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September means Dove Season is here

Nick Infinger in the dove field with his black lab.  Photo by Jeff Dennis

Nick Infinger in the dove field with his black lab.
Photo by Jeff Dennis

The first shots of the 2013 dove season rang out on Labor Day for some dove hunters, but most opening hunts will commence on Saturday, September 7. All across the Palmetto State, and across the Southeast, this largely social type of hunting will welcome scores of sportsmen back to the field. Experience from previous seasons will be applied to this year’s hunting conditions, and the smell of gunpowder will sharpen the senses.

The 2013 – 2014 mourning dove season begins September 2 – 7. During this opening week, the legal hunting hours are abbreviated from noon until sunset. Dove season continues September 8, through October 5, with shooting hours from thirty minutes before sunrise until sunset. The daily bag limit for doves is 15 birds per day.

Many hunters are always looking for a place to hunt doves, but the S.C. Department of Natural Resources offers some public dove hunting access right here in Colleton County. The Donnelly Wildlife Management Area has 80 acres of dove fields that are prepared by wildlife technicians for the public to use. Of course a WMA permit or Sportsman hunting license must be obtained in order to attend these free hunts. Youth-only dove hunts are offered at Botany Bay WMA on Edisto Island.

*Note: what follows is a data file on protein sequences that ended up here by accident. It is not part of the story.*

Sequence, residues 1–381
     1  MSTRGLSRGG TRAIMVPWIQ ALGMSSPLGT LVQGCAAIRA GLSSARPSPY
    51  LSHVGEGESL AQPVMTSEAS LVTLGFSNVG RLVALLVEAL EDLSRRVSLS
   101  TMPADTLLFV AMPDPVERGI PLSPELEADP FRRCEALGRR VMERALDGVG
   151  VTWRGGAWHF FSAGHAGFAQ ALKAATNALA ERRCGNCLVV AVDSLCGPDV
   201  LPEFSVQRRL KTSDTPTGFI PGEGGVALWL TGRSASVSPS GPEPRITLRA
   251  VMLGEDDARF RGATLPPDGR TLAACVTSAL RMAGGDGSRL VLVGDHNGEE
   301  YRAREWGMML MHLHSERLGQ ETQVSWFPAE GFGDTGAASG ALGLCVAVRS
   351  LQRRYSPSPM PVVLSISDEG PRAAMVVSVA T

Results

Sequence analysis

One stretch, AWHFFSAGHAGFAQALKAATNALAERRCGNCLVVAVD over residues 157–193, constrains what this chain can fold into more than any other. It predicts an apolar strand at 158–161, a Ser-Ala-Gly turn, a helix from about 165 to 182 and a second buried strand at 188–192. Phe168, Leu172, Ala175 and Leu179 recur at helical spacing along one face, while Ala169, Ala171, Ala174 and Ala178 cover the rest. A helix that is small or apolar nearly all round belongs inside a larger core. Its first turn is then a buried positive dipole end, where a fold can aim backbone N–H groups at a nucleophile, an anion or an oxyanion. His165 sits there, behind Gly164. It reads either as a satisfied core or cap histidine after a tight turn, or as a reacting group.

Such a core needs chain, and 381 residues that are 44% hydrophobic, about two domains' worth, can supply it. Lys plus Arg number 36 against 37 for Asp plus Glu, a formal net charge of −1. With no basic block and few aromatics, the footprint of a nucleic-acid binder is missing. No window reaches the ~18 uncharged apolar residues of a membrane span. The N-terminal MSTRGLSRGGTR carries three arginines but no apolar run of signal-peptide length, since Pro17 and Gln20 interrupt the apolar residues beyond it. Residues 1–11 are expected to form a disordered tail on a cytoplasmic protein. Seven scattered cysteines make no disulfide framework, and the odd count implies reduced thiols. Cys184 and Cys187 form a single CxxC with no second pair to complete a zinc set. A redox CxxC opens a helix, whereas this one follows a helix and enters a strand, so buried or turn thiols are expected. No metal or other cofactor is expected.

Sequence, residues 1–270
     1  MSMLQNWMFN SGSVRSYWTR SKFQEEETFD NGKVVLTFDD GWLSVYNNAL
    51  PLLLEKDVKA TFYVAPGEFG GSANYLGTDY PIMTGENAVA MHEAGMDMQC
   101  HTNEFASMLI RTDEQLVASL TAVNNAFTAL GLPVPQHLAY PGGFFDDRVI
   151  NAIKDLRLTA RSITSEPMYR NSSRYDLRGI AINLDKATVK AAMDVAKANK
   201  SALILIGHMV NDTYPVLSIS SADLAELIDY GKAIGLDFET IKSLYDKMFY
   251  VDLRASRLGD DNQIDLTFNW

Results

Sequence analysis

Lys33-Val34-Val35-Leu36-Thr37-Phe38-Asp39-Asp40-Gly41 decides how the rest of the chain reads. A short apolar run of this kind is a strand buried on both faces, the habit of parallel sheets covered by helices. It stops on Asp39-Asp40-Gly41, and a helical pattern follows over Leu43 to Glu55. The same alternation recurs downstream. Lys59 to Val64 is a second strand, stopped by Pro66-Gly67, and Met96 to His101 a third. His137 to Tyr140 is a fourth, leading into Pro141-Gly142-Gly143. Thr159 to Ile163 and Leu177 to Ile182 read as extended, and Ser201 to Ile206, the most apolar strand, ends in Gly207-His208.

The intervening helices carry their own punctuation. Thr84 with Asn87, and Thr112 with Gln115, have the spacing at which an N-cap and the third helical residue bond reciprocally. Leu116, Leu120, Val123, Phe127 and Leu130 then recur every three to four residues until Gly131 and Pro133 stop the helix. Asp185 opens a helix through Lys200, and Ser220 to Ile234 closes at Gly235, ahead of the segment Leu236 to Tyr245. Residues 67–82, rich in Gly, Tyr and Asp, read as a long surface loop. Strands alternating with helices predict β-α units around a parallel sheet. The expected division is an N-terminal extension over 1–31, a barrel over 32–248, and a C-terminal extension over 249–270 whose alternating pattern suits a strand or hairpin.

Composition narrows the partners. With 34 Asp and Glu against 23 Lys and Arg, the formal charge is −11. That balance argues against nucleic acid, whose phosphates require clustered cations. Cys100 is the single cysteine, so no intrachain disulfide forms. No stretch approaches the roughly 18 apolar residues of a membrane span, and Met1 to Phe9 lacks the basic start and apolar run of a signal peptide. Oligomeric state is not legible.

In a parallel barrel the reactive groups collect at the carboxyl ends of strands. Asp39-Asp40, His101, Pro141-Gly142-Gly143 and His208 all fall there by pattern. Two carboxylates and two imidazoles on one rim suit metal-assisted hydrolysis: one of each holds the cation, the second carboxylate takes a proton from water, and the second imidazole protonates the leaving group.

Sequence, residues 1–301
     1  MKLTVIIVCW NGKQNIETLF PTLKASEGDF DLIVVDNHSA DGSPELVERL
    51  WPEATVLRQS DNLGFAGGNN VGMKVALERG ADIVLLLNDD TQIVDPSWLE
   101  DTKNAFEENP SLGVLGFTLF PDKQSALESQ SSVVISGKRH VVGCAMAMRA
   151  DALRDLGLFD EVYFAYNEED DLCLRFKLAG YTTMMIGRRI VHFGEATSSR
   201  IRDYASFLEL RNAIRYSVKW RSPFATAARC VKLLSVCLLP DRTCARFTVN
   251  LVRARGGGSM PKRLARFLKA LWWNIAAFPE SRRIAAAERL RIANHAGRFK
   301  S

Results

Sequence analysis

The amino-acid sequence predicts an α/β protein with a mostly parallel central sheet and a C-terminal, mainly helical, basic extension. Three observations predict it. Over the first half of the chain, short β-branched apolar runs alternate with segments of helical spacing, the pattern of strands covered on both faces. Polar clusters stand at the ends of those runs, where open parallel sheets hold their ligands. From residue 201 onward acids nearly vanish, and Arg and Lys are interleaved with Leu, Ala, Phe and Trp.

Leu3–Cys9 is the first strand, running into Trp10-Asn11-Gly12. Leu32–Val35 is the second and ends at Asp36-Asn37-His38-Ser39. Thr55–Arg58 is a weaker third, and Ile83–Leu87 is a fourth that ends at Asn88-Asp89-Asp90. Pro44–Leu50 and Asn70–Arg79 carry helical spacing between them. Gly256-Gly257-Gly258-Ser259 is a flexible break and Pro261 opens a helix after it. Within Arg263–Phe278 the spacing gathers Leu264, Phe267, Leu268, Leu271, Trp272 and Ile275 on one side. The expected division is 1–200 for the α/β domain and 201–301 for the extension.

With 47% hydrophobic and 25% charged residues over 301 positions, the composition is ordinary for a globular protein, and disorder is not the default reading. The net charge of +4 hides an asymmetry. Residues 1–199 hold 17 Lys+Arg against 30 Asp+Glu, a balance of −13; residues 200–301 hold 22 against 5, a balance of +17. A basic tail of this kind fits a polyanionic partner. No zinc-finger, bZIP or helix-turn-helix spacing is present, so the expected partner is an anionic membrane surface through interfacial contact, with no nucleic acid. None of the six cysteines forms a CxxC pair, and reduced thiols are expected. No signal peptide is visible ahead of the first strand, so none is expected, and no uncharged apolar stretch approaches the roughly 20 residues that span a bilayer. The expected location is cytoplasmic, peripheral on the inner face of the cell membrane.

The hunting dates for September at Donnelly are September 7, 14 and 21, and a contact number at SCDNR for any questions is 843- 844-8957. These hunts are afternoon only hunts, and dove hunters will be limited to 50 shells apiece for each hunt. Other SCDNR public hunts are offered in Hampton County at the Webb Center WMA. A full list of public dove fields around the region can be found on the SCDNR website.

Early season doves fly lower and slower than later in the year, so these hunts are usually great for taking a youth or novice hunter along. A simple gear list includes a dove stool, shotgun, shells and some camo. Given the wet conditions, a pair of rubber boots may be in order for some dove fields, but conditions will vary. Bug spray, sunscreen and water to drink are extras that can make your day in the field a little more enjoyable.

Hunters love their hunting dogs, and dove season makes these canine companions light up again. It’s like the proverbial switch turning on when the dog sees his master rise up, swing his shotgun and shoot at the target. If the dog can see, or mark, the falling bird, then he will rely on his sense of sight and smell to guide him, so that he can fetch up the gamebird. For dog lovers, this first retrieve is a signal of success, and each successive retrieve will remind the owner of why using a canine is such a source of joy.

Some pro tips for all dove hunters includes trying to get in the field as early as possible in the afternoon, and then leave as early as possible, usually no later than 5 p.m., so that the remaining doves can come in and feed. Try to give a two-week interval between hunts for any one field, except during migration. No dove field is immune to hunting pressure because too much shooting will cause them to leave and not return, so a dove field manager must always keep an eye out for scheduling the next hunt.

Lowcountry OutdoorsJeff Dennis is a Lowcountry native. Read his blog at www.LowcountryOutdoors.com

Jeff Dennis, Contributor (380 Posts)

Jeff Dennis is a Lowcountry native. Read his blog at www.LowcountryOutdoors.com